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Plant-Powered Workout: Eating Around Your Exercise Schedule

When your body is well fueled and hydrated, you will perform at your best. All too often recreational exercisers and runners mistakenly follow a nutrition plan that’s too low in energy, with the thought that it’s better to cut back on calories and not run the risk of gaining weight. However, it’s important to remember that your body requires energy (calories) in order to maintain muscle mass, enhance the immune system, and ensure proper growth and repair. Let’s recall the three main categories of macronutrients:

  • Carbohydrates (the foundation of the sports diet)
  • Protein (for muscle growth and repair)
  • Fat (for flavor and satiety)

Maximizing Energy and Glycogen Storage

  • Eat a high carbohydrate diet on a daily basis.
  • Consistently eat enough total calories.
  • Consume adequate fluids prior to exercise.

If you’re training for an event or competition, there are some additional fueling tips you’ll want to consider. Always consume a familiar pre-competition meal: don’t attempt any new foods, as this may cause gastrointestinal upset. Training yourself to eat before exercise on non-competition days will help you to be able to eat before competition and improve your performance.

An athlete will typically run out of stored carbohydrate after about 90 minutes of continuous exercise.

From the three macronutrients, carbohydrates play the largest role in supplying energy to the body. In addition, high-carbohydrate foods digest the easiest and fastest. Pre-exercise carbohydrates not only fuel your muscles, but they help prevent low blood sugar. Aim for around 100 to 300 calories of carbohydrate-rich food before you exercise. If you cannot tolerate solid food before exercise, try a plant-based smoothie. Avoid high fat foods, which slow down digestion and may feel too heavy. Remember to hydrate as well.

Pre-Exercise Fueling

Build your meals and snacks around high-carbohydrate foods for optimal energy and endurance. Add in a little protein-rich food for stable blood sugar control. Here are some foods to include:

  • Hot or cold cereals (muesli, oatmeal, whole-grain)
  • Pancakes or waffles (whole grain)
  • Fruit (fresh or dried)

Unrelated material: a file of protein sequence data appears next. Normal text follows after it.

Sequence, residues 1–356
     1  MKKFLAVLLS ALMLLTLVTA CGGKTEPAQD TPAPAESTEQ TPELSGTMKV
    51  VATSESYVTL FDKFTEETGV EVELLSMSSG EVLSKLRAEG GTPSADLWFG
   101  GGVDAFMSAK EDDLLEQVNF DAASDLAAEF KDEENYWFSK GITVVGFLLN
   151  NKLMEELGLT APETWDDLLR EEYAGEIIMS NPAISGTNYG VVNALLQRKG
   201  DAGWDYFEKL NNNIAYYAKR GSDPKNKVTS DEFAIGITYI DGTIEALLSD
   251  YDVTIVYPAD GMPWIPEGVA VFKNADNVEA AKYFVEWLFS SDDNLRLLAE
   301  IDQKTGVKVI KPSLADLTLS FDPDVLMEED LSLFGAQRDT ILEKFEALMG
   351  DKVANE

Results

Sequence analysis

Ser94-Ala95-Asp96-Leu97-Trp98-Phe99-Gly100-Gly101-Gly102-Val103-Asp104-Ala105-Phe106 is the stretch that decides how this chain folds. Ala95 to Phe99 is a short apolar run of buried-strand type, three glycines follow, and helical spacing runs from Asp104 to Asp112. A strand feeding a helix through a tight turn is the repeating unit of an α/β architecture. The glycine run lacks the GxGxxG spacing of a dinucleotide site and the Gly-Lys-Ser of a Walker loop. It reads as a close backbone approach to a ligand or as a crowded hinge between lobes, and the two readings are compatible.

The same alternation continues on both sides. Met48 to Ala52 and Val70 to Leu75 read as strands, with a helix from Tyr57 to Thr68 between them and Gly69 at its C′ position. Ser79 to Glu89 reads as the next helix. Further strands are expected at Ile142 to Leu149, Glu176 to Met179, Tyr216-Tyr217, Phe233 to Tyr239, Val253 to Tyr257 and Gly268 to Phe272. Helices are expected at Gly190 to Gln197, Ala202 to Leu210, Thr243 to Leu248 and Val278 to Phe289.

• Whole-grain bread or bagels
  • Baked potatoes or sweet potatoes
  • Vegetables (include all colors)
  • Plant-based milks and yogurts
  • Rice, quinoa, wheat berries, couscous, pasta
  • Scrambled tofu with vegetables
  • Dried beans and peas

Timing of Meals

The timing and size of meals and snacks is important and should proportionally relate to the amount of time you have before exercise. Larger meals generally take up to 3-4 hours to digest. Smaller meals take 2-3 hours, and snacks or liquids take 1-2 hours. A pre-exercise meal is critical if exercise is prolonged (half or full marathon) or when a series of shorter competitions occur over a long period of time, such as a triathlon, track meet, or several soccer, football, or basketball games. This is because an athlete will typically run out of stored carbohydrate after about 90 minutes of continuous exercise.

Hydration: Drink Your Water

Staying hydrated during your workout is essential. Your performance level can decrease significantly if you become dehydrated. Plain water is the drink of choice, and sports drinks are often not recommended unless activity is greater than one hour in duration. Here are some guidelines for hydration:

  • Drink a minimum of 2 cups (16 ounces) of water when you get up in the morning.
  • Drink 1 cup (8 ounces) of water 10-20 minutes prior to exercise.
  • During exercise drink ¾ cup to 1 ½ cups (6-12 ounces) every 15-20 minutes.
  • Drink at least 2-3 cups (16-24 ounces) after exercise to replace fluid lost through sweat.

To restore your body’s normal water balance you should replace fluid losses as soon as possible. Remember the motto, “don’t wait to hydrate.” Fluid replacement depends on the amount of sweat lost during the activity, e.g. a step aerobics class vs. running a marathon. Once you’re adequately hydrated, your urine will be a pale lemonade color.

Post Exercise Refueling

Your goals for post exercise nutrition include:

  • Replacing depleted glycogen in the muscles
  • Consuming adequate protein to repair muscle damage
  • Hydrating to restore lost fluid and electrolytes

Ideally, you should begin post exercise nutrition 15-30 minutes after a hard workout (1-2 hour practice session, long runs). During this time frame, muscles are most receptive to glycogen uptake, and there is less chance of suffering from an injury. You don’t have to eat a lot of food. Aim for about 200 to 400 calories of carbohydrate-rich food along with about 10 grams of protein. Most importantly, replace fluid loss, drink your water!

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Final Thoughts

As you move forward in your training program, take some time to have fun. The “best” exercise program is one that you enjoy, simply because you’re more likely to stick with it. Every day, eat whole plant foods, move your body, and be kind to yourself.

Copyright 2019 Center for Nutrition Studies. All rights reserved.

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